“I am deeply honoured to have been nominated by the department to put in my application for the Yale Fox Fellowship and to have received news of my successful application thereafter. The program brings together scholars from different fields working on issues that impact society globally, by creating interdisciplinary spaces for intellection and dialogue. The Fox fellows have already started touching base, and what has been evident is the many scholars undertaking meaningful research that significantly impacts society. I look forward most to meeting different stakeholders, auditing relevant classes at Yale, and presenting my research on migration to my colleagues”, says Satveer.
CNM wishes you the very best, Satveer!
Students from the module NM4211- Online Journalism taught by Ms Tan Ee Lyn, are busy writing articles on Singapore’s first Olympic gold by Joseph Schooling. First up, is an article on Schooling’s return to Singapore and how he was greeted by excited Singaporeans.The article is written by Natasha Kleinman, who is an MOE Teaching Award scholar, and in her third year of studies majoring in Communications and New Media (and minoring in Theatre Studies).
“There was a very tight window to prepare and produce my article on Schooling’s homecoming, so this experience challenged me to think fast and have a clear focus. Amidst jostling with the crowd taking pictures and videos, through the interviews I conducted with people of different ages and backgrounds, I could see that they had a huge amount of respect for Schooling and his parents. They were genuinely inspired by his historic feat and were more than willing to sacrifice some sleep to show their support”, says Kleinman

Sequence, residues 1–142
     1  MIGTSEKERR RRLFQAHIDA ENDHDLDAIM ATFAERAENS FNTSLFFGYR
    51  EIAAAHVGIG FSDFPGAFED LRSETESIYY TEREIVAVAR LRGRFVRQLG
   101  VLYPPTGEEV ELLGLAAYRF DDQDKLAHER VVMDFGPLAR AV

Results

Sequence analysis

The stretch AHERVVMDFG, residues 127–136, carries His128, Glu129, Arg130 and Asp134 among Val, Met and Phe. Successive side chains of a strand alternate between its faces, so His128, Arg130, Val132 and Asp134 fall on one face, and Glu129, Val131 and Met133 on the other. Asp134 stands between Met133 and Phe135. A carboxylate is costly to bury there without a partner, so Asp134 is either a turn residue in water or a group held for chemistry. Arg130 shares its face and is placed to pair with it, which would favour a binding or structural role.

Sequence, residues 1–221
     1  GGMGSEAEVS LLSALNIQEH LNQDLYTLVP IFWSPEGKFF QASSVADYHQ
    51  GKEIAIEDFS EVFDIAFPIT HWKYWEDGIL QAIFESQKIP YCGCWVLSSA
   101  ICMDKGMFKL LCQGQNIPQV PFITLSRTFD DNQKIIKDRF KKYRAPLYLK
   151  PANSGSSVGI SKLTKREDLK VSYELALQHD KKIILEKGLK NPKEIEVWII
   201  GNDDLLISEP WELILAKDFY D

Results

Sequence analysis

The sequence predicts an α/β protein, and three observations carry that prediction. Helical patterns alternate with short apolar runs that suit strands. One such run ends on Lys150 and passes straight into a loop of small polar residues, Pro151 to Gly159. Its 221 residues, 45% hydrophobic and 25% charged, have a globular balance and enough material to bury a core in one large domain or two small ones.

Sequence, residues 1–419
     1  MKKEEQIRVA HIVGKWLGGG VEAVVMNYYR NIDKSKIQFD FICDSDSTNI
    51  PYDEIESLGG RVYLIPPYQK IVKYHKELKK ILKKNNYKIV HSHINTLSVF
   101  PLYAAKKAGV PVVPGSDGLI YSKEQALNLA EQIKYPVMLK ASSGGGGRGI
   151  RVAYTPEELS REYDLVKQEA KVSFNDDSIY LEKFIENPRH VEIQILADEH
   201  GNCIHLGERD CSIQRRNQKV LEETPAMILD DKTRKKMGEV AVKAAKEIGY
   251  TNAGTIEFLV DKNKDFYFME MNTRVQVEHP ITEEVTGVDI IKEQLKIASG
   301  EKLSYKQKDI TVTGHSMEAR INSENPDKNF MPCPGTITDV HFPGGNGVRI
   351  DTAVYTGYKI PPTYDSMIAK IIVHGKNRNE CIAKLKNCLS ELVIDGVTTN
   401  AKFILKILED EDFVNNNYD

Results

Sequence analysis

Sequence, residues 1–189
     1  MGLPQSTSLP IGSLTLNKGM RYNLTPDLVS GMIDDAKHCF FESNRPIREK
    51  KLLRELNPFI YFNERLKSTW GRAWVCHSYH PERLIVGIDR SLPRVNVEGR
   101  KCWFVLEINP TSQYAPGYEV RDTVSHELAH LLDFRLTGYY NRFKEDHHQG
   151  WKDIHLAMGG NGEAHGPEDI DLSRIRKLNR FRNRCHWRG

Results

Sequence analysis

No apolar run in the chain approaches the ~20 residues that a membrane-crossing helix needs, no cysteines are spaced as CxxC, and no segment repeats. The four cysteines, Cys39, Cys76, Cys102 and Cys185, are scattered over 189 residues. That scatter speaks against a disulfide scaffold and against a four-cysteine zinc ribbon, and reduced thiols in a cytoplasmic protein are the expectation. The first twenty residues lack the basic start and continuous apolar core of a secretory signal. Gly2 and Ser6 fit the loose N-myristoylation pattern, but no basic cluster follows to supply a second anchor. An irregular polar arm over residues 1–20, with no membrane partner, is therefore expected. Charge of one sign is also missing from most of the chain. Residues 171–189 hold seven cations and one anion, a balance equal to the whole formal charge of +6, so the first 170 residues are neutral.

“For this event, Ms. Tan encouraged me to prepare some material such as interview questions, be mentally prepared for the crowd, and always put my safety first”, she adds. Kleinman is looking forward to attending today’s press conference, and is excited about writing another article on this. Read Kleinman’s article here.
Prof Raka Shome has been awarded a $10,000 grant by the Waterhouse Family Institute for the Study of Communication and Society, Villanova University, Pennsylvania. The grant is awarded for Prof Shome’s research titled ‘Spectacular Nationalism and Contemporary India’.
Each year, the Waterhouse Family Institute funds research conducted by scholars across the world, based on the emphasis the research gives to communication and those that engage communication and its impact on the world and ability to create social change. The WFI Research Grants are selectively awarded and Prof Shome’s reserach has been awarded the maximum grant amount to support her research.